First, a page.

Trinity Universityâ€™s Invisible Children group met at 7 p.m. on Thursday, April 12, in the Tigerâ€™s Den to show the newly released Kony 2012: Part II â€“ Beyond Famous video. Volunteers from the Invisible Children organization were present, as well as a survivor of the Ugandan conflict.
Kony 2012: Part II offers a closer look at the Lordâ€™s Resistance Army, led by Joseph Kony, and examines the solutions put forward by leaders of the affected areas of the Central African Republic, the Democratic Republic of the Congo, and South Sudan.
Adong Vicky, a Ugandan native, was personally affected by the atrocities of Joseph Kony and the LRA.
â€œI was forced to leave my village and live in a camp with poor sanitation and little education because the classrooms were being used as living spaces. My uncle was brutally murdered when he snuck into the village to try and bring food back to the camp,â€ Vicky said. â€œSometimes I would go to sleep at night, but I would not be able to fall asleep because of the gunshots.â€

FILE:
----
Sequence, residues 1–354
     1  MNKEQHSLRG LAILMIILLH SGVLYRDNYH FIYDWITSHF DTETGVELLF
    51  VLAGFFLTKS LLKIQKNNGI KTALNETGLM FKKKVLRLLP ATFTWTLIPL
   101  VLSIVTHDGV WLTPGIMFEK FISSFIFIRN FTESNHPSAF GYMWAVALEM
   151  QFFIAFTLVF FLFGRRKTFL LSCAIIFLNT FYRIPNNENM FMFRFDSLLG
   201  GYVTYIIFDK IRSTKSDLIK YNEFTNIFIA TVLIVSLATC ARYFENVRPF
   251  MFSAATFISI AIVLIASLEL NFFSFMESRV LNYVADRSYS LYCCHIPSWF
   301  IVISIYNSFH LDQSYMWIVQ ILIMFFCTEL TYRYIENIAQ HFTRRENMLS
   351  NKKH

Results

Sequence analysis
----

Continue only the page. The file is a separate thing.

Sam Melhalf, one of the Invisible Children volunteers, acknowledged the criticism the organization has been receiving lately. She pointed out that the organization is under a lot more pressure now since Kony 2012 was released, but the support has surpassed the negative criticism by far.
â€œI know that people are criticizing the money used for advocacy, but advocacy has always been a huge part of our organization from the beginning,â€ Melhalf said.
Vicky, who with the help of Invisible Childrenâ€™s Legacy Scholarship recently graduated with a major in literature, urged supporters not to give up and do everything they could to rally support for the cause.
â€œYou might say you canâ€™t do anything to stop this conflict, but your voices are so important,â€ Vicky said.